Map: Wash rescue
SCOTTSDALE, Ariz. -- A medical transport diver is facing charges after police say she ignored signs not to drive in a flooded wash.
The woman, who drives for Dependable Medical Transport Services, had a patient with her in the van and was scheduled to pick up another according to police reports, when she drove into the wash.
It happened near 77th Street and Roosevelt just before 5 am on Thursday.
Fire officials say there was a sign with flashing lights and a number of barricades that the driver went around before getting stuck.
"They were scared, just very scared, they were shaking we were just trying to keep them calm because we were very concerned as we were pulling them out that one of them would panic and that would cause an even worse situation for us," said Capt. Mike Virgadamo with the Scottsdale Fire Dept.
The driver and wheelchair-bound man, who was going to his dialysis appointment according to police, had to be rescued with a ladder truck and bucket.
Fire crews from Scottsdale, Phoenix and Tempe assisted with the rescue, which officials say was very challenging.
"We had everything going against us, the angle, the depth of the water is four to five feet deep on the side of the van, there was no way to open the door the way the water pressure was pushing against the side door," said Capt. Virgadamo.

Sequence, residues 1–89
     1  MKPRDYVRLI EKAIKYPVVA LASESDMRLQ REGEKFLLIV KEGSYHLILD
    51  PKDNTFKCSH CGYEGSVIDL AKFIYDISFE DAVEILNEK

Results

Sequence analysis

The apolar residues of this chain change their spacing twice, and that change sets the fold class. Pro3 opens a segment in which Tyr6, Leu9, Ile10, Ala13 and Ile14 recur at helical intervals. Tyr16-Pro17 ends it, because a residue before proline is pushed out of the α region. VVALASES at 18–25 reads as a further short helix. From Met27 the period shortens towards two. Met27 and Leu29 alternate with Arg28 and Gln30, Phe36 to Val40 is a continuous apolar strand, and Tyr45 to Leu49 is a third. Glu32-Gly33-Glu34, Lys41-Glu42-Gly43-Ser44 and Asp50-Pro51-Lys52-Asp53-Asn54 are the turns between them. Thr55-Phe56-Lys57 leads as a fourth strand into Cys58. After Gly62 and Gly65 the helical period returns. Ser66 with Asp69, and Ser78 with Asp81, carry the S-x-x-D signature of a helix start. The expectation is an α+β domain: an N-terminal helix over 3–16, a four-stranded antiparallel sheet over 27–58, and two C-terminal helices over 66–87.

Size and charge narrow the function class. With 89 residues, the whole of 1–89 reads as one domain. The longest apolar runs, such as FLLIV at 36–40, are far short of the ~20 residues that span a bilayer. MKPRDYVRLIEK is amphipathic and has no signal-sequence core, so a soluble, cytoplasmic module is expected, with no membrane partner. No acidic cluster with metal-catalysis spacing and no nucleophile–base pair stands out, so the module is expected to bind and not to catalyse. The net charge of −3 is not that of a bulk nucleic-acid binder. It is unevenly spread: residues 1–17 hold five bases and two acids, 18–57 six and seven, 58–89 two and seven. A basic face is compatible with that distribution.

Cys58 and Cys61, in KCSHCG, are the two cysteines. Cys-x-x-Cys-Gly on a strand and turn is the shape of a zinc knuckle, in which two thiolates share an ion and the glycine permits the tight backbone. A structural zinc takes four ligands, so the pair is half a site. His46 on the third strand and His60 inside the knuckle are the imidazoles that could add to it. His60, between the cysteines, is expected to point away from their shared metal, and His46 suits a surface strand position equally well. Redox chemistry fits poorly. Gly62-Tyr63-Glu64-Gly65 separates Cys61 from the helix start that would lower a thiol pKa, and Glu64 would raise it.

"We were concerned number one, that the van was going to move on us and number two, whether it was going to roll over that was our biggest concern," said Capt. David Folio.
A number of firefighters waited down stream, while others stood by with a boat in case they ran into a problem.
The male patient was transported to the hospital to be evaluated as a precaution.
The CEO of the transport company DMTS says the driver has been with them since March and hasn't had any prior incidents in her five years of experience.
She has been suspended while the company looks into the incident.
"We're still looking at it but I think there was driver error because she got stuck in the water," said Richard Ganley. "Right now we're continuing to check in to it and investigate what happened. I hope this would never happen again. People do make mistakes."
"You can see the signs all over, it's well lit and still people don't get the message. We gotta go through this every time it rains, we actually knew it was coming - we were in the firehouse planning for this type of rescue," said Capt. Virgadamo.
Scottsdale police are recommending the driver be charged with reckless driving.